2.2. The Individual and Social Characteristics of Residents

There are many aspects of heterogeneity. Various influencing factors, such as individual characteristics and social characteristics of residents, should be considered comprehensively to reduce random errors to the greatest extent, so as to clarify the mediator of green space on mental health. In the future, the correlation between urban green space and residents’ mental health should be demonstrated in a broader space–time scope. Researchers should try to avoid the existence of confounding factors in sample screening, and long-term follow-up observations should be conducted on participants’ mental health to improve the effectiveness of the results. Therefore, we need to fully consider the individual characteristics and social characteristics of the residents in the research process to ensure the accurate analysis of how the mediator works. This corresponds to Part IV of Figure 1.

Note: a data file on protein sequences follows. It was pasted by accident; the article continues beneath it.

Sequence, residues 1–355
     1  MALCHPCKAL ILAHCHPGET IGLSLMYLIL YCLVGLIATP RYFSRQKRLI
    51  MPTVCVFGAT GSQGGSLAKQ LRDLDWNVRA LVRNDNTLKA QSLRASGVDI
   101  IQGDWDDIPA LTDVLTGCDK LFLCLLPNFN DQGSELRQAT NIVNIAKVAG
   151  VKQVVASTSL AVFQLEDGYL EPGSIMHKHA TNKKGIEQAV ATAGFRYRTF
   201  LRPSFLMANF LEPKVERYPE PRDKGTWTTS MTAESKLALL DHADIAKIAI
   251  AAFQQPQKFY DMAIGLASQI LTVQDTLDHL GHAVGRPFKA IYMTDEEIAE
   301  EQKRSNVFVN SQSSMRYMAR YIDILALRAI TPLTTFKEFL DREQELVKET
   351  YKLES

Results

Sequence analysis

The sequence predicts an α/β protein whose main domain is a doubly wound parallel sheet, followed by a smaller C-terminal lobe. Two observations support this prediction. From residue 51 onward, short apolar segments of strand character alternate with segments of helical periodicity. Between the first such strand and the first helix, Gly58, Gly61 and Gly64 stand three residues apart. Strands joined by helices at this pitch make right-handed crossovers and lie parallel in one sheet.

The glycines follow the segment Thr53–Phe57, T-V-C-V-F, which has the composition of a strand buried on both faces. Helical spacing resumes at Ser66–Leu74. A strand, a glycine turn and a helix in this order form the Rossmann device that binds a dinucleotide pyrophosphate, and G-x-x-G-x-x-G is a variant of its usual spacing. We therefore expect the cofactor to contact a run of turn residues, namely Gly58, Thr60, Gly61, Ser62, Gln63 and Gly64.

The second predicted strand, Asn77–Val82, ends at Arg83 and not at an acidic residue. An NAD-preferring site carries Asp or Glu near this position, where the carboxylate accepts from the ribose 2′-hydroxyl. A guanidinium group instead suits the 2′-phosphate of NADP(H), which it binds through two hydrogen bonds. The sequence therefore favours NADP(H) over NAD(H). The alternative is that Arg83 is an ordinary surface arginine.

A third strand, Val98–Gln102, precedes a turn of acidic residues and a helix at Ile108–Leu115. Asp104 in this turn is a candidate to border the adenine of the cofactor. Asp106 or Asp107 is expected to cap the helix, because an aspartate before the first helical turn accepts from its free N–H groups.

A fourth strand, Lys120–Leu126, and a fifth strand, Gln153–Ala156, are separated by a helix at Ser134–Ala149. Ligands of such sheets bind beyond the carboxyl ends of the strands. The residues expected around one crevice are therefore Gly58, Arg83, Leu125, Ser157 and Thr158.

The individual characteristics of the residents need to be included in the category of research variable control. In most studies, the analysis’ object is an individual. Only in a few “time–activity” detection studies has a specific area been taken as the research object [14]. Therefore, the research sample can only exclude some medical prerequisites, and there are always uncontrollable potential confounding factors between subjects, such as individual differences (health prerequisites, mental conditions, etc.) [15].